For $&%# sake, Bentham Open Journals, leave me alone

For crying out loud, I am still getting crappy spammy mail from various "Bentham Open" journals. The most annoying part to me of Bentham Open is that they try to make it seem that anything published in an Open Access journal is better than anything published in a non Open Access journal. While I personally believe publishing in an OA manner is great, lying about the benefits of OA is not a good thing.

For example they ask and answer the following question "WHY PUBLISH IN OPEN ACCESS JOURNALS? " Their answers include:
  • Your article will obtain more citations.
  • Your article will be peer-reviewed and published very fast.
  • Your article can be read by potentially millions of readers, which is incomparable to publishing in a traditional subscription journal.
  • All published open access articles will receive massive international exposure and as is usually the case for open access publications, articles will also receive high citations.

Yes, that is right, the crappiest, most boring, most idiotic article in an OA journal will receive "massive international exposure" and "high citations."

I know, criticism of Bentham Open may seem biased coming from me, a PLoS insider. So, just in case you were not aware that just about everyone else out there cannot stand them, here are some reading assignments:

And so on.

7 comments:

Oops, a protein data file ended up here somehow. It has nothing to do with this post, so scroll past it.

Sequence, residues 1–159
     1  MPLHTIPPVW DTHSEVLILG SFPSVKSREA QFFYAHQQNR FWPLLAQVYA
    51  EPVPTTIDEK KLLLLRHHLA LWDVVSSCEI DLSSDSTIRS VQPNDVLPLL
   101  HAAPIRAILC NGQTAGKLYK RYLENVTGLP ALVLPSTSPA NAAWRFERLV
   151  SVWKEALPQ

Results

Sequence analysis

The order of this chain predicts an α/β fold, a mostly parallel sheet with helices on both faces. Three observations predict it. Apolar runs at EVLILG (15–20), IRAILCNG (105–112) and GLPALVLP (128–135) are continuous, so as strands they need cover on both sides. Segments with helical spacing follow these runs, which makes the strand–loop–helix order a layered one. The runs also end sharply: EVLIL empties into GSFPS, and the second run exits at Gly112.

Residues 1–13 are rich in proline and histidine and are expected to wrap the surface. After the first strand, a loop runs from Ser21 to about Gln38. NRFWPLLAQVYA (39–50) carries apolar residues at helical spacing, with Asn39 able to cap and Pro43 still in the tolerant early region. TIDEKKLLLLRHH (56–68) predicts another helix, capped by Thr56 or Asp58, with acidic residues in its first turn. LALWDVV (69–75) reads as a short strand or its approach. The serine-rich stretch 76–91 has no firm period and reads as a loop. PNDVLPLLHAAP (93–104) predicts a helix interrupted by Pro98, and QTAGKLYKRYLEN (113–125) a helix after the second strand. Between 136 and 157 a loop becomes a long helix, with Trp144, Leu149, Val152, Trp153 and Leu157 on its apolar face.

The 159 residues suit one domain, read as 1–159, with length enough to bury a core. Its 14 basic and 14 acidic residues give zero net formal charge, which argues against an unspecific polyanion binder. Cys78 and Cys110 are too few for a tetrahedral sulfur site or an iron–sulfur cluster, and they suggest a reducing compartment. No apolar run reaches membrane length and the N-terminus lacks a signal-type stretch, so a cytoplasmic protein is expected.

1. They must be really digging the bottom of the barrel, as they invited me to be editor in chief of “The Open Biology Journal”

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  2. How exactly is their annoying spamming congruent with the felicific calculus? You'd think that a company presumably named after Jeremy Bentham would try to follow its namesake's philosophy -- multiplying the annoyance of spam by the number of spamees would put their value in the negative ranges...

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  3. Here's a classic for you reading list:
    http://scholarlykitchen.sspnet.org/2009/06/10/nonsense-for-dollars/

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  4. I am perplexed on how the OA-leads-to-more-citations myth continues to be perpetuated in cyberspace. In the first randomized controlled trial, we find no citation differential. The experiment has been replicated in 36 journals, is now close to three years old and there is still no evidence of an OA citation advantage.

    see: Open access publishing, article downloads, and citations: randomised controlled trial

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  5. Bentham's marketing approach for its journals does indeed have the unfortunate effect of making the open access impact advantage seem somewhat crass. The debate and the evidence is actually much more sophisticated that this suggests, however. Phil Davis' is one study among many, most of which have found the case FOR an OA advantage for the best papers. The evidence continues to accumulate
    http://opcit.eprints.org/oacitation-biblio.html

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  6. Steve - I agree with you. I think there is now evidence for a general citation benefit for OA publishing vs. non. My point here was that contrary to what Bentham says, OA publishing does not guarantee impact ---

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  7. Folks -- they just invited me to be Editor-in-Chief of The Open Communication Journal. Due to my reputation in Biology. (Yeah, right -- I have two articles in that field. *Try* to find me on Web of Science! (Then try to find me on google scholar so I'll feel better.))

    "Just", really some days ago, I don't know why I open their spam at all anymore. Open access is when a real journal doesn't notice (or mind) you post your papers to your website.

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